After what feels like more than a solid, straight decade of development, THE GREEN HORNET movie debuts today and I figure the occasion’s appropriate from me to give you Comic Vine maniacs a primer on this classic masked man. Like Conan and the Shadow, the Green Hornet is what I like to call an unofficial comics character - - a superhero who debuted in another medium but has nevertheless appeared in enough sequential art to warrant inclusion here. Actually, since his radio debut in 1936 (predating Superman by about two years!) he’s starred in pretty much every conceivable medium you can tell crime fighting stories in, from movie serials to pulp magazines to one highly-memorable TV show.So why don’t you throw on your favorite lime-colored jacket and hop into the passenger’s seat of the Black Beauty so we can go for a short little drive around the Green Hornet's block? == TEASER ==
The character’s most unique quality amongst crime-fighters is that he’s a hero who actually pretends to be a criminal, letting the resultant bad reputation get mobsters thinking he’s one of them so he can gain access to their criminal underworld. As you’d expect, that puts him at odds with the police and probably makes him one of the earliest costumed anti-heroes of the modern fictional era. As for all the usual super hero criteria? Green Hornet has no powers, but he packs a high-tech arsenal that include tranquilizer dartguns and a supped-up, tricked-out and weaponized car, the Black Beauty (a sort-of stylish Batmobile.) A number of sons and nephews have been Green Hornets in the comics over the years, but the classic one is Britt Reid, a wealthy newspaper owner whose day-job, I suppose, is somewhat between Bruce Wayne and Clark Kent's.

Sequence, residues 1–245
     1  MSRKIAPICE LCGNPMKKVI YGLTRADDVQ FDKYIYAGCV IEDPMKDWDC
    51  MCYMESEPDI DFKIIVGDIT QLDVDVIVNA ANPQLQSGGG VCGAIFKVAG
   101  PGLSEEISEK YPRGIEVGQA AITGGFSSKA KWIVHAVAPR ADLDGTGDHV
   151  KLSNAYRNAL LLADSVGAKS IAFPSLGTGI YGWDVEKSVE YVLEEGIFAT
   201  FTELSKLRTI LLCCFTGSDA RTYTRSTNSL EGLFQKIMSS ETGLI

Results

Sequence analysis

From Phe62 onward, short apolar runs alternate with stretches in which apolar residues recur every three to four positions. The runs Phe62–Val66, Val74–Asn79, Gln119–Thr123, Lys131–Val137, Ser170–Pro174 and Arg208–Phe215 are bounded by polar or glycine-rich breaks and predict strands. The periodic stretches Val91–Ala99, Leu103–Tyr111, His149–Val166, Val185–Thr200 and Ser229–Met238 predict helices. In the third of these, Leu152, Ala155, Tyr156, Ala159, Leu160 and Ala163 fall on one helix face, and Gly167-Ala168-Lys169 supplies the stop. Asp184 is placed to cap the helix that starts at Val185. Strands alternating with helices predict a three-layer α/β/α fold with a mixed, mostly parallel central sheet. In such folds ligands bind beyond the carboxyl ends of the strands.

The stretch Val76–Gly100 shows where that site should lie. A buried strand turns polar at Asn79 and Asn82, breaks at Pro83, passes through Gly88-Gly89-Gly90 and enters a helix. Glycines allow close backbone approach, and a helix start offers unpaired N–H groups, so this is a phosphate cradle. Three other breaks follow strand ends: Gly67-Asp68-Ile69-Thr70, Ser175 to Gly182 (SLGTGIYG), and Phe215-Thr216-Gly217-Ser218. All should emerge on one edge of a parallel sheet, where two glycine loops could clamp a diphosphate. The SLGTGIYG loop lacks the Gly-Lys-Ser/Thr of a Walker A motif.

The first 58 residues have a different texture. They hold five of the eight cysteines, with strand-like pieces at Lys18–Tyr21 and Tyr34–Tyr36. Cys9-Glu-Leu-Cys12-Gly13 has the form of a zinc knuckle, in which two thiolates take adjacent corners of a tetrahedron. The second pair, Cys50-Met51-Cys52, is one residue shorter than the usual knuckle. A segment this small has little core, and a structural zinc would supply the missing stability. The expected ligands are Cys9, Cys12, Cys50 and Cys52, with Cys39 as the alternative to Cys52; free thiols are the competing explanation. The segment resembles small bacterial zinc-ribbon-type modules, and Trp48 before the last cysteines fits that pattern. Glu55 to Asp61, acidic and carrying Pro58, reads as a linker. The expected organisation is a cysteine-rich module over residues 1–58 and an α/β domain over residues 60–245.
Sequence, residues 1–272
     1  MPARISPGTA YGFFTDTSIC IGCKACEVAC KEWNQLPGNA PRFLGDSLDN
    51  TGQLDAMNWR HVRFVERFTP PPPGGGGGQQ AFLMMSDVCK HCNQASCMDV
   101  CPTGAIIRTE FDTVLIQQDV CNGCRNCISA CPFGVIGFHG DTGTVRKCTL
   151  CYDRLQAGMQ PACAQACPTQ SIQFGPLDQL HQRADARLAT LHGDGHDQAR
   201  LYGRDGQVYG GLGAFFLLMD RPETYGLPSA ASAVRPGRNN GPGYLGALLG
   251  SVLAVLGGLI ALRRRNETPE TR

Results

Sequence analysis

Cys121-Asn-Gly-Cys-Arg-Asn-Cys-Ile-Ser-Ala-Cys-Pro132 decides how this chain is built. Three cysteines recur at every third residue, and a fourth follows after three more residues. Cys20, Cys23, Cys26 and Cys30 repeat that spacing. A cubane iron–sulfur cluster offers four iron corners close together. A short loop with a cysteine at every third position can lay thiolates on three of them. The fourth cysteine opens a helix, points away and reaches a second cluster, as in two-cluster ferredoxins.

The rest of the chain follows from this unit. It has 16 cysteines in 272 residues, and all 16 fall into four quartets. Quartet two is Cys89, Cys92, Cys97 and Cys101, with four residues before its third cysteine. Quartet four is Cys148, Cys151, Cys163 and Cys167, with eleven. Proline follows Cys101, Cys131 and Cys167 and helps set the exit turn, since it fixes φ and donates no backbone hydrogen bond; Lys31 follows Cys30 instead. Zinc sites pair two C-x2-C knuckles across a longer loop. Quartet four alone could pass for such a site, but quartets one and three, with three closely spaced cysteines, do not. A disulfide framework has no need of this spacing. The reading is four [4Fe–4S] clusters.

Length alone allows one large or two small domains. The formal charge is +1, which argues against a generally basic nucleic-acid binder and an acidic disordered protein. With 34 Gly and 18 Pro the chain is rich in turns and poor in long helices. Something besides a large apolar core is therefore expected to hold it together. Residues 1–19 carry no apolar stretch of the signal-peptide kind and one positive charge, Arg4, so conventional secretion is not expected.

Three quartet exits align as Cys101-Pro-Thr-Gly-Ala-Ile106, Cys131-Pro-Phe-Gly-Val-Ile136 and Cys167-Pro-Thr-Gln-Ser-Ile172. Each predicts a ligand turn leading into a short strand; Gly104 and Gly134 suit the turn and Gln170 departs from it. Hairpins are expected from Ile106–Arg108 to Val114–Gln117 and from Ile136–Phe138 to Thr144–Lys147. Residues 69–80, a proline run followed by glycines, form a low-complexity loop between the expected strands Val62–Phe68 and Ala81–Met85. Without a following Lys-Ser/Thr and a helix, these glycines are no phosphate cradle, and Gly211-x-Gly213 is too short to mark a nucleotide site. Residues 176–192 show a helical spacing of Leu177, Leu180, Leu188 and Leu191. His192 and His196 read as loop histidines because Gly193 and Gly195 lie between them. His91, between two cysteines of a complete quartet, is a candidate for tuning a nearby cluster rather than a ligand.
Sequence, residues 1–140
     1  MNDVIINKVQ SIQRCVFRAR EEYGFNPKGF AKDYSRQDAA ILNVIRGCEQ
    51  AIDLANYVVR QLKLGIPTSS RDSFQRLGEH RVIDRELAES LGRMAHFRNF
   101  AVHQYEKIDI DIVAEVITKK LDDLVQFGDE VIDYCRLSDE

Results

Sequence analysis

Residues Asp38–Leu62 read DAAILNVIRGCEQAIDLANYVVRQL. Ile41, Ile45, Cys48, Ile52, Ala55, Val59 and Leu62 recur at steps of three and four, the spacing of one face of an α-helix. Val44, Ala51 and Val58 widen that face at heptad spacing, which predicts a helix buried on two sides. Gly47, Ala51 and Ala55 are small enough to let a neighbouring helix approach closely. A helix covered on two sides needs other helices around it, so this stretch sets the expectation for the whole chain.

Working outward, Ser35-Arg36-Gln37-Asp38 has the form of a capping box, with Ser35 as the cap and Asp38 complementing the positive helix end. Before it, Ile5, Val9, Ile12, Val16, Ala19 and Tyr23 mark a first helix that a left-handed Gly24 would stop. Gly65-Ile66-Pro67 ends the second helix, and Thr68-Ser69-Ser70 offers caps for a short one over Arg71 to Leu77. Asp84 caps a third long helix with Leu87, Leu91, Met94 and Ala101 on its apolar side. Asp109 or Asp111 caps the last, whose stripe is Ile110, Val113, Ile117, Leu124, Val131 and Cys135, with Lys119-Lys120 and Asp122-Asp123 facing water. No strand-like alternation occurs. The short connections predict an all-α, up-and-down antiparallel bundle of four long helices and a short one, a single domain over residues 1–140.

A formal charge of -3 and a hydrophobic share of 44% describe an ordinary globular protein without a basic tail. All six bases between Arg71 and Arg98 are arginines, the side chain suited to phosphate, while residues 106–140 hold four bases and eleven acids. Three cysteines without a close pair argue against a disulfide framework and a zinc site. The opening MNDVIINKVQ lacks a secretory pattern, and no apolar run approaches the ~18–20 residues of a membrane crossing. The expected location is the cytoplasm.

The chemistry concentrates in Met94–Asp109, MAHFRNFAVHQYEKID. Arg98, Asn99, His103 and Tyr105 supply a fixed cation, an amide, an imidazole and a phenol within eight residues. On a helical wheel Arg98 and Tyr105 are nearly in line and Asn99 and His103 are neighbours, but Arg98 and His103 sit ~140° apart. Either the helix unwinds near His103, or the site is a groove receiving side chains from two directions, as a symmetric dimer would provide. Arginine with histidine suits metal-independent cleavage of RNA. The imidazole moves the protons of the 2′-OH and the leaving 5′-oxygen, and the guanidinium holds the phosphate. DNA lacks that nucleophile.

KATO, HIS TRUSTY VALET
The Green Hornet might be one of the only heroes whose fame is arguably eclipsed by his sidekick's. Reid’s valet Kato, a martial arts and automotive expert, was immortalized by the legendary Bruce Lee on the 60s TV show (which was more-or-less a response to the campy BATMAN show with Adam West.) THE GREEN HORNET was even retitled THE KATO SHOW in Hong Kong! Initially described as a Japanese, he was alternately retconed into a Filipino, Korean or simply an Oriental on the radio show and movie serials after the onset of World War II. Interestingly, later comics reconciled all those nationalities as cover stories Reid concocted to keep Kato from getting sent to an internment camp.
WHAT ABOUT THE LONE RANGER?
The first bit of trivia that inevitability comes up about the Green Hornet is that Britt Reid is actually the grand-nephew of the Lone Ranger (both characters being creations of George W. Trendle and Fran Striker.) At it would happen, both of these masked viglitantes have classical music themes (“Flight of the Bumblee” for Green Hornet and “William Tell Overture” for the Lone Ranger) and both have decidedly non-WASPy partners-in-justice (Tonto and Kato.) Because the characters’ rights are owned sepearately, their familial connection has rarely been acknowledge beyond some sly nods. For example, a recent issue of Dynamite’s LONE RANGER comic showed the Ranger's nephew Dan (Reid’s grandfather) thwarting a villain by riling a hornet’s nest on him (an act that gave him ideas for a legacy, obviously.)
Dynamite’s running several GREEN HORNET titles, now. Some are based off of the script for Kevin Smith’s earlier, unrealized movie version, with the original crime-fighting duo handing their mantles off to their children (one of which happens to be a female Kato.) Others star the classic characters, with Kato even having his own title.
So there - - you’ve just gotten through Green Hornet 101. Now you can take this new flick in with some savy and understanding your fellow movie-goers will most surely lack!